“Admit that you benefitted and still benefit from an unjust system that ranks white skin over black.”
“Face up to the fact that economic inequalities in this country mean apartheid is still alive.”
The youth want to see dirty white washing hung out to dry.

It’s a difficult pill to swallow. Nobody wants to billed as the bad guy. Nobody wants to have to carry a burden of ‘mea culpa’ around with them every day, and inevitably the white population is divided over what to do. Some pack and leave, some get defensive and try redirect the fury to more recent government corruption, others begrudgingly nod and say “Ok, I get it. But what do you want me to about it? 

I was 17 in 1994, the year that Mandela was inaugurated as South Africa’s first democratic president and the year I entered university in Grahamstown to study journalism. Within months, the narrow frame of my suburban apartheid childhood began to be dismantled, and perhaps with the same naivety that I had accepted the apartheid order, I accepted the brave new South African narrative of equality. Together with my rainbow of friends on the student newspaper, we began to forge a new society where the colour of our skin did not matter. We were untouched by the past. We were free to create the world how we wanted it. Or were we?

As the years went on, I began to realise that although the new narrative was that all South Africans were equal, we were anything but. What’s more, in those first 20 years of democracy, to reflect on those things was frowned upon. To dredge it up would be to endanger the peace of the Rainbow Nation. Hush. Maak toe. Thula.

Now the illusion of the Rainbow Nation is fading, Nelson Mandela is being labeled a sell-out and South Africa is being strangled by its past.  My response has been to co-found Consciousness Café (, a dialogue café that brings South Africans together for frank conversations about the things that still divide us, and to write a book which probes at fears, ignorance and prejudice, in myself and in those I met over a five year journey that took me from Mandela’s rural heartland to ‘no-go’ areas of downtown Johannesburg.  Lost Where We Belong, published in February, brings together the stories of a disparate cast of characters whose voices are rarely heard, as they all struggle to make sense of a country in flux. For some it may be an uncomfortable read, but as one reader recently commented: “It’s like taking the truth serum.”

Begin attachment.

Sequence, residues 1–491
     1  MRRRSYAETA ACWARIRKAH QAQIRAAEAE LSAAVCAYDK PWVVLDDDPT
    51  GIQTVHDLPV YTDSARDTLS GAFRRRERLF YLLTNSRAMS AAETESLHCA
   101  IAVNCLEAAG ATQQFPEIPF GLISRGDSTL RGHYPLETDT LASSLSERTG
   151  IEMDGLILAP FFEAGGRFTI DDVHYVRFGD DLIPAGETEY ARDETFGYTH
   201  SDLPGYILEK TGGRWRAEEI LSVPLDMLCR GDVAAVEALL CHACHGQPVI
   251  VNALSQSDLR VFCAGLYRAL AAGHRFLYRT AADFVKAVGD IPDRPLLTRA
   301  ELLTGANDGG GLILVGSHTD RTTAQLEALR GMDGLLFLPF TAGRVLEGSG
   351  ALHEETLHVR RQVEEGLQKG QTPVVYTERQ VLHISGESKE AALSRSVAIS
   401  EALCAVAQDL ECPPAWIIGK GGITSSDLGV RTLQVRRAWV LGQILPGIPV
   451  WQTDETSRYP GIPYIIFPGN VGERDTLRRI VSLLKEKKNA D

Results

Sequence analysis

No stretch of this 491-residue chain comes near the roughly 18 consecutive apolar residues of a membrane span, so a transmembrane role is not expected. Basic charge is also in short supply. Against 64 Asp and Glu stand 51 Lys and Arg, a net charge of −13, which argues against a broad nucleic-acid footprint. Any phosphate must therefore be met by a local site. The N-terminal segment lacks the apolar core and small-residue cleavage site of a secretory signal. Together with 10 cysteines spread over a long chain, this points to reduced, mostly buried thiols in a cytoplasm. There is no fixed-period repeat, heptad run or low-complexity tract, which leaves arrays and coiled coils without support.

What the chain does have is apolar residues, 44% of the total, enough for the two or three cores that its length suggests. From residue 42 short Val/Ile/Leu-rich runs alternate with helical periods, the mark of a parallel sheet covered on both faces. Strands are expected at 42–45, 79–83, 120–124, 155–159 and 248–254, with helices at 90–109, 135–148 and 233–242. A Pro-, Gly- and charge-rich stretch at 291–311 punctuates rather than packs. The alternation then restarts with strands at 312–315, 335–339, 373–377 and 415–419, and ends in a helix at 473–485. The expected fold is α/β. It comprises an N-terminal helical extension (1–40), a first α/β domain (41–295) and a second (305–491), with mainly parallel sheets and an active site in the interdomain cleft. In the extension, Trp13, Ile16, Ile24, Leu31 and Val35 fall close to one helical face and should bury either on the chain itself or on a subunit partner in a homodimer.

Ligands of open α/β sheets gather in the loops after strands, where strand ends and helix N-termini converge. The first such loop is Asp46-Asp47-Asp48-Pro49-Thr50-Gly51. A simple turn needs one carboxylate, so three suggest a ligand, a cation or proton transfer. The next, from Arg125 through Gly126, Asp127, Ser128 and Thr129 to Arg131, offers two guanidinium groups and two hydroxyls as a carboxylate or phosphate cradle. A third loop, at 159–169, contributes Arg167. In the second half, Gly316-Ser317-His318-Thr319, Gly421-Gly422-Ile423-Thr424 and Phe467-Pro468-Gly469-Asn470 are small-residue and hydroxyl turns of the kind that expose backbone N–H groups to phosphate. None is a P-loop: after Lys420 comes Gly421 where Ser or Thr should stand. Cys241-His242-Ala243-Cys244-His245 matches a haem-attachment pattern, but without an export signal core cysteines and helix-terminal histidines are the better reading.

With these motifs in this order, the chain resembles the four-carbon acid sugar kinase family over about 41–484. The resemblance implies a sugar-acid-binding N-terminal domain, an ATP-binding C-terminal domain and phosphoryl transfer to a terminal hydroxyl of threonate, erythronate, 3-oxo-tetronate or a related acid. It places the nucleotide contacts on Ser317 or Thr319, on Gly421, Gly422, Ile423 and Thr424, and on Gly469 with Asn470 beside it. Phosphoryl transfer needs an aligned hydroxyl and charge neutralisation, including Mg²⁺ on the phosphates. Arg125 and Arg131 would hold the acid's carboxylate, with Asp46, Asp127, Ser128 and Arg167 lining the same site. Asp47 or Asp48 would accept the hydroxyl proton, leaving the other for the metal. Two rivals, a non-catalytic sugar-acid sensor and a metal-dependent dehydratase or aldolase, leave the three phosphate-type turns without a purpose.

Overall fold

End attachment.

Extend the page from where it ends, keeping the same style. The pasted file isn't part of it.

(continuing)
Lost Where We Belong, is by C.L.Bell'

Claire Bell

The book is  available on Amazon, and Claire is currently on a promotional tour in Scotland, and will be on tour again in South Africa when she returns to her homeland.   Oh,  and she is, at the time of writing,  expecting a baby  in the next few weeks!

I have heard it said more than once, publishing a book is like having a baby. Eventually, it/he/she goes out into the world on its own journey.  I wish Claire, the book and the baby, all the best.

Caro Ramsay 1st June 2018


  1. This comment has been removed by a blog administrator.

  2. This is a book I certainly want to read. Most South Africans need to try to understand the current situation, where it came from, and where it's going.

    Thanks for the insights.

  3. A most interesting post. Both books look like those I need to have in my library!